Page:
Employees who felt happy with their work-life balance were 2.3 times more likely to assess their overall job satisfaction as high.
A matter of choice: satisfaction factor preferences

An infographic presenting satisfaction factor preferences. Job satisfaction has many varying factors. But when presented with a choice between contrasting considerations, what would people choose? We asked a series of questions in which respondents chose which option they preferred.

  • Doing meaningful work – 50% vs. earning a lot of money – 50%
  73% of blue-collar workers chose meaningful work. In comparison, 65% of the education sector workers picked money.
  • Exciting tasks – 47% vs. stable employment – 53%
For 64% of education sector workers, exciting tasks seemed the more attractive option. On the contrary, only 38% of participants from software/IT shared this view.
  • Job satisfaction – 66% vs. job prestige – 34%

  Ethnic minority representatives (51%) valued job prestige higher than white respondents (32%) did. The same applied to participants with no college degree (46%) and Master’s degree holders (24%).

  • Family – 60% vs. career – 40%

63% of Bachelor’s degree holders chose family over career. The percentage dropped to 47% for participants without a college degree.

  • Being praised for your work in a company-wide email – 48% vs. receiving a $500 bonus, but not having it openly publicized by your superiors – 52%
    58% of participants aged 25 or younger picked being praised publicly, while 65% of the education sector workers and 64% of those with an annual income of less  than $25,000 would prefer getting a bonus.
  • A 5% raise in salary – 46% vs. a higher job title but with no raise – 54%
  • Unlimited PTO – 25% vs. a guaranteed holiday bonus [7% of your annual salary] – 75%
   Almost half (45%) of participants without a college degree opted for unlimited PTO. 
  • Having a great relationship with your boss – 45% vs. having a great relationship with colleagues – 55%
          64% of respondents working for small companies (1–10 employees) prioritized having a great relationship with their colleagues.

Survey takers also gave their opinions on the type of work they liked best:

  • Remote work – 32%
  • Working on-site – 44%
  • It makes no difference to me if I work remotely or on-site – 22%
  • Teamwork – 45% [Master’s degree – 55%]
  • Individual work – 33% [ethnic minorities – 43%]
  • It makes no difference to me if I work in a team or individually – 22%

Life is a matter of choice. Professional life is no exception to the rule, as you see.

How to make your employees happy

Wondering how to build a team of dedicated, motivated, and productive employees? We’ll give you some actionable advice. You don't need to be an experienced employer to succeed. An open mind, empathy, and long-term thinking are good starting points.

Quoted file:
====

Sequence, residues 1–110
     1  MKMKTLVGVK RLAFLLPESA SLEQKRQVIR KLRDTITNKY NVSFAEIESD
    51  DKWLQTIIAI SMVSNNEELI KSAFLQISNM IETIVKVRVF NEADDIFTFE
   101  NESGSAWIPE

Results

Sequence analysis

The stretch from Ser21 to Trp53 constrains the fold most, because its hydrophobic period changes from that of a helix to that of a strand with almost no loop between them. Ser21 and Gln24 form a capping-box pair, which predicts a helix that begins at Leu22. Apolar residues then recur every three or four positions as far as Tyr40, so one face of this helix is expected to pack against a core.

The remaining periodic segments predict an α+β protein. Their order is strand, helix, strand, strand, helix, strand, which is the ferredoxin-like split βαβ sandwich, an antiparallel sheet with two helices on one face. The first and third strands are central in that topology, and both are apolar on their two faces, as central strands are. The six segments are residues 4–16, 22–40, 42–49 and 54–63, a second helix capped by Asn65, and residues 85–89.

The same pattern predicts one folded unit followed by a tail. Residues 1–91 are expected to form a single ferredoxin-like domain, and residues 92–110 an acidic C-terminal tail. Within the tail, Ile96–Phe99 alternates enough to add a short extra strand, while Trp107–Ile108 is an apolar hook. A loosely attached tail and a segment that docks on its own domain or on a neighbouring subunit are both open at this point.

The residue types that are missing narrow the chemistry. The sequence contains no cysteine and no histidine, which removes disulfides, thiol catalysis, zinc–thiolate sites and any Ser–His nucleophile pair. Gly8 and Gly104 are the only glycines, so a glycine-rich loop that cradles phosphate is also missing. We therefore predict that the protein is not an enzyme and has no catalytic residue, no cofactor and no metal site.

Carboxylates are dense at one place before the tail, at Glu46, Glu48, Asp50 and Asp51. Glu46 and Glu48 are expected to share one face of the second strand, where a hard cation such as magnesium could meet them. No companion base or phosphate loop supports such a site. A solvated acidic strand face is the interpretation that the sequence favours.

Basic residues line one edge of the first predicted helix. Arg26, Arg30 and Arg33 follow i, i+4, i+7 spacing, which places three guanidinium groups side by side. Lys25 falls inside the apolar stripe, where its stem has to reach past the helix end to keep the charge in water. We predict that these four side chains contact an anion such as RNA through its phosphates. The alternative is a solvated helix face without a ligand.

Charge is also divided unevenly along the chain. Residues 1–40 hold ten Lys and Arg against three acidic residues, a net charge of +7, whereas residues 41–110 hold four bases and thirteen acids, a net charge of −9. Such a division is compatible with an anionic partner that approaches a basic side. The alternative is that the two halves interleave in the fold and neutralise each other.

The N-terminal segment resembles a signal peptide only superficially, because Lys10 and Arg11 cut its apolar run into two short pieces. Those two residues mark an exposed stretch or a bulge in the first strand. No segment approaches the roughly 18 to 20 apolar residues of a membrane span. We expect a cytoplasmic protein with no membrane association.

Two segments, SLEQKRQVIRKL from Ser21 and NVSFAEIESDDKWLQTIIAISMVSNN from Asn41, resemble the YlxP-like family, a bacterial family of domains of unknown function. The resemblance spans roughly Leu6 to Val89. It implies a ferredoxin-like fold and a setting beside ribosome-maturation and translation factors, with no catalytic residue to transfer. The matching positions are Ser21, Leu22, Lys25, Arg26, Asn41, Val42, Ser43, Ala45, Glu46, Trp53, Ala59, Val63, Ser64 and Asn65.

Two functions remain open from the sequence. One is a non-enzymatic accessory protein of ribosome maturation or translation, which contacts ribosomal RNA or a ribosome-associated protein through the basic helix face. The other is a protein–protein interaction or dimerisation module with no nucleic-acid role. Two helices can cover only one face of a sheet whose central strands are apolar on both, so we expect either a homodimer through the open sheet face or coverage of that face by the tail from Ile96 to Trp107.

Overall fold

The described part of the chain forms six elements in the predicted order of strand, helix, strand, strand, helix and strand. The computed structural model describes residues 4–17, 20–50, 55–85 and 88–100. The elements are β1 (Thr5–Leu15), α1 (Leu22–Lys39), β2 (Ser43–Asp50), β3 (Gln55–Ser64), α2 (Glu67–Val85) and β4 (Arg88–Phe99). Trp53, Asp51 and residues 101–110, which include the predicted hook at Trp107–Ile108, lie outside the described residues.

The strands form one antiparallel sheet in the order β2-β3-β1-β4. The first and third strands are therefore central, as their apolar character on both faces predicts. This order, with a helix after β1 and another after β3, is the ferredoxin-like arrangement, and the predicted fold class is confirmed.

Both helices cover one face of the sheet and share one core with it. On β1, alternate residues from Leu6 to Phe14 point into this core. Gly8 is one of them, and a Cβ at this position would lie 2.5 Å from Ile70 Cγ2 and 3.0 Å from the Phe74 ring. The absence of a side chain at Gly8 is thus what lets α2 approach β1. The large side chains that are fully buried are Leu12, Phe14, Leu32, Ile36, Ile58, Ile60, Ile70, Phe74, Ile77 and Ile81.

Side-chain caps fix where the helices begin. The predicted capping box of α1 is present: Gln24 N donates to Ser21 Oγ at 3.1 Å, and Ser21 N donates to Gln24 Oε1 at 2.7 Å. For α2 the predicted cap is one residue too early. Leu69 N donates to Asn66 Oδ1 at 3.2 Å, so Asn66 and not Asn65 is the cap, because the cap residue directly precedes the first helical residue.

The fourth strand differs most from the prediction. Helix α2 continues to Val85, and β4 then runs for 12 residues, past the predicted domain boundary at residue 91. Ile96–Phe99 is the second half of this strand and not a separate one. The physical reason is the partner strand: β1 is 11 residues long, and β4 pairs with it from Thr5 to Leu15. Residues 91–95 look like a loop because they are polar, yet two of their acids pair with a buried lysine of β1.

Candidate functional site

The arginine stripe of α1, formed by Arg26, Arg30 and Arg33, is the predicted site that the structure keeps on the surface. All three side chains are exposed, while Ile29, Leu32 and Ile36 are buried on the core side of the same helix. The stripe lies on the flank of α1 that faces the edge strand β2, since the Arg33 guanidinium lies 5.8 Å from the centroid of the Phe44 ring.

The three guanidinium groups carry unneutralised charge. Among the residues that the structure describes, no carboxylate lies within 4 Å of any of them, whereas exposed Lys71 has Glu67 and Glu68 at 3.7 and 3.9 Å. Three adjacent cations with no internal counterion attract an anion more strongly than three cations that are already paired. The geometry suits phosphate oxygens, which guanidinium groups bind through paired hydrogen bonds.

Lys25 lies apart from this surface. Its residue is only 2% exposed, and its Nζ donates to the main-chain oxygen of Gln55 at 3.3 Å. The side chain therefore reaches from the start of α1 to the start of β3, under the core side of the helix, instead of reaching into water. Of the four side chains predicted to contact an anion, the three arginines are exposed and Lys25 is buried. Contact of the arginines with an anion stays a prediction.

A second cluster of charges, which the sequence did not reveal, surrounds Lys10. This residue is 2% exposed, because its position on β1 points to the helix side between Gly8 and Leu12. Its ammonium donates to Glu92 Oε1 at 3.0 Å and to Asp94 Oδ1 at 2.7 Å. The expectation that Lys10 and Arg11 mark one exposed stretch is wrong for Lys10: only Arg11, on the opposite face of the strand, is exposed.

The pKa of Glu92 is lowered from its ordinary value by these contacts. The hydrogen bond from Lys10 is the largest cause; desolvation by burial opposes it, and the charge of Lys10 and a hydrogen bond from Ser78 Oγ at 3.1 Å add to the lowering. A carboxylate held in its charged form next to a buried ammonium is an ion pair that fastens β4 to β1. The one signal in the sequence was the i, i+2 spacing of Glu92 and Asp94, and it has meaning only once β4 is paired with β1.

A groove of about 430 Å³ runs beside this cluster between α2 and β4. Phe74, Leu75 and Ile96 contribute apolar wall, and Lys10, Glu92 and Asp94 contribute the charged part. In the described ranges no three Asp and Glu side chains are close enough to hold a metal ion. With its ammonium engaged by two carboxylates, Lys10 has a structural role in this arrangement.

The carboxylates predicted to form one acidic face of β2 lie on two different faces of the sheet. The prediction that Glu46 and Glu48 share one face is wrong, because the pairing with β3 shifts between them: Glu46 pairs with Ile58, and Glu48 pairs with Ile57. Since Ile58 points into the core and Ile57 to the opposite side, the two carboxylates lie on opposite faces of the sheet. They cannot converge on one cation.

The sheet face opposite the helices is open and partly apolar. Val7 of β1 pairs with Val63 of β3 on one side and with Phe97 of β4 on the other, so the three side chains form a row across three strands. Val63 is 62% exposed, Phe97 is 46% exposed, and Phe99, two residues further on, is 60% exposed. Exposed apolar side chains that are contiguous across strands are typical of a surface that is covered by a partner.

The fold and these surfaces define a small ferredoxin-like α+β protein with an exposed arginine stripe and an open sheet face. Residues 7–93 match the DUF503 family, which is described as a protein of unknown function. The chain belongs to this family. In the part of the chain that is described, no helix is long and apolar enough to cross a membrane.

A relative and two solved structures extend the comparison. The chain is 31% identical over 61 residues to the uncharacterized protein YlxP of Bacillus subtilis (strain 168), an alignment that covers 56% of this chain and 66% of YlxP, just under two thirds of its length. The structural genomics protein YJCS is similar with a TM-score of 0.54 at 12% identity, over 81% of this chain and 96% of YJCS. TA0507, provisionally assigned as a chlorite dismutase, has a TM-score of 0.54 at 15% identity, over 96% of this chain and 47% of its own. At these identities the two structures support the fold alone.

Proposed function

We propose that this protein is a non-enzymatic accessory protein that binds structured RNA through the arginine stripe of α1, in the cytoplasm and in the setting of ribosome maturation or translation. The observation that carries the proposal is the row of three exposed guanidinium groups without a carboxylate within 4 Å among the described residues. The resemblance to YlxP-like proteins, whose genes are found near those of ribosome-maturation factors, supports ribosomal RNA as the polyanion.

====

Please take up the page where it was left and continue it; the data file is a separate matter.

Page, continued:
Here’s our recipe for employee job satisfaction.

  • Positive workplace atmosphere. Create a friendly and supportive work environment where respect and inclusion are promoted.
  • Opportunities for promotion. Provide clear paths for career advancement and growth.
  • Appreciation. Deliver recognition, praise, and constructive feedback.
  • Job meaningfulness. Foster a sense of purpose by highlighting the impact of your employees’ work. Make them feel proud of their achievements, contributing to a higher cause.
  • Decent salary. Good work deserves good pay. Offer competitive compensation and attractive benefits.
  • Good work-life balance. Promote a healthy work-life balance, offer flexible work arrangements, and support the personal well-being of your employees.
  • Job prestige. Let your employees shine. Provide them with opportunities to showcase their expertise and achievements.

Make sure you don’t miss any ingredients.

The happier the employees, the better they perform. Enjoy!


The findings presented were obtained by surveying 1039 respondents online via a bespoke polling tool. They were asked questions about job satisfaction and professional fulfillment. These included yes/no questions, scale-based questions relating to levels of agreement with a statement, questions that permitted the selection of multiple options from a list of potential answers, and a question that permitted open responses. All respondents included in the study passed an attention-check question.


The data we are presenting relies on self-reports from respondents. Everyone who took our survey read and responded to each question without any research administration or interference. We acknowledge there are many potential issues with self-reported data, like selective memory, telescoping, attribution, or exaggeration.

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Want to share the findings of our research? Go ahead. Feel free to use our images and information wherever you wish. Just link back to this page, please—it will let other readers get deeper into the topic. Additionally, remember to use this content exclusively for non-commercial purposes.

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Cracking the Code of Job Satisfaction: 2024 Study